Newsletter Archives

  • MS-DEFCON 3: Side effect with Domain patch

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    Special alert


    By Susan Bradley

    November Domain controller update leads to memory leak

    Business patchers only:  Microsoft has posted up a known side effect introduced by the November updates applied to domain controllers.

    As they note in their health release: (with my slight edits for clarification)

    After installing November or later updates on Domain Controllers (DCs), you might experience a memory leak with Local Security Authority Subsystem Service (LSASS,exe). Depending on the workload of your DCs and the amount of time since the last restart of the server, LSASS might continually increase memory usage with the up time of your server and the server might become unresponsive or automatically restart. Note: The out-of-band updates for DCs released November 17, 2022 and November 18, 2022 do not fix the issue and are also affected by this issue.

    Workaround one if you can remove the patch: Uninstall the November 8th updates and out of band updates that are listed here.

    Workaround two if you are mandated to keep the patch installed: To mitigate this issue, open Command Prompt as Administrator and use the following command to set the registry key KrbtgtFullPacSignature to 0:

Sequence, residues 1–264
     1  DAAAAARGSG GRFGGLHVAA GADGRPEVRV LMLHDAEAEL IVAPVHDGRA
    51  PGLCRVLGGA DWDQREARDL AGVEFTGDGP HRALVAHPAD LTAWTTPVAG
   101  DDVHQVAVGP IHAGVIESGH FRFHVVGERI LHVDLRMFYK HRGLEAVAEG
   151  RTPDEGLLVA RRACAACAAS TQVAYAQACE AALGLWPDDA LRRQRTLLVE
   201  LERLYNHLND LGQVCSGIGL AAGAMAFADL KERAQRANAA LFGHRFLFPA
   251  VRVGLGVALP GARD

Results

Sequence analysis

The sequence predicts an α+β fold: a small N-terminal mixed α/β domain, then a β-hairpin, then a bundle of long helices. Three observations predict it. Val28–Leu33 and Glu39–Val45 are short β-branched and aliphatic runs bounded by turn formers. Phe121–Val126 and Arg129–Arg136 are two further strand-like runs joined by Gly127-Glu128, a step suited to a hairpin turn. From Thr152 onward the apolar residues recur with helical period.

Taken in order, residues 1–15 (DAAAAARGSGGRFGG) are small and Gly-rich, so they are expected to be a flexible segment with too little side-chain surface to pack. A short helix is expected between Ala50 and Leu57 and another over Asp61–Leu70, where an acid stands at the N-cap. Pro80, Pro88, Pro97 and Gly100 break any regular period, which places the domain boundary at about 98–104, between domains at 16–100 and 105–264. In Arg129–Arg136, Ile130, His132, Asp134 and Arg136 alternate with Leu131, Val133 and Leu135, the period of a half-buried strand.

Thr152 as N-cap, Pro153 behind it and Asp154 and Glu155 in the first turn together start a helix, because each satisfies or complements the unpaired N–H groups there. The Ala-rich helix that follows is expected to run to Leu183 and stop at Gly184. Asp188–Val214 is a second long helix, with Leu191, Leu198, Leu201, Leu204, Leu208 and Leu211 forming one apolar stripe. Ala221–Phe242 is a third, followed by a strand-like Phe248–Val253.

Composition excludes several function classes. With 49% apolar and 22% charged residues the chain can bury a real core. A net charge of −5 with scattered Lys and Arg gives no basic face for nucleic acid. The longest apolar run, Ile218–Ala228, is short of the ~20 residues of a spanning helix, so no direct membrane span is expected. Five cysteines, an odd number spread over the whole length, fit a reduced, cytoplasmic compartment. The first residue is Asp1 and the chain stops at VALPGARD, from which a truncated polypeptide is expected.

• reg add “HKLM\System\CurrentControlSet\services\KDC” -v “KrbtgtFullPacSignature” -d 0 -t REG_DWORD

    Note that this ONLY impacts business patchers and does NOT impact consumers.

  • MS-DEFCON 3: Issues with domains

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    ISSUE 19.47.1 • 2022-11-22


    By Susan Bradley

    November updates lead to side effects

    My usual advice regarding updates with known side effects is to wait until the problems are resolved. But every so often, the risk of waiting is greater than the risks associated with the side effects.

    That’s the way I see the situation now. The November updates require you to slog through the issues and deal with the side effects. For that reason, I’m lowering the MS-DEFCON level to 3. I’d really like to go to 4, but I think greater caution is required.

    Anyone can read the full MS-DEFCON Alert (19.47.1, 2022-11-22).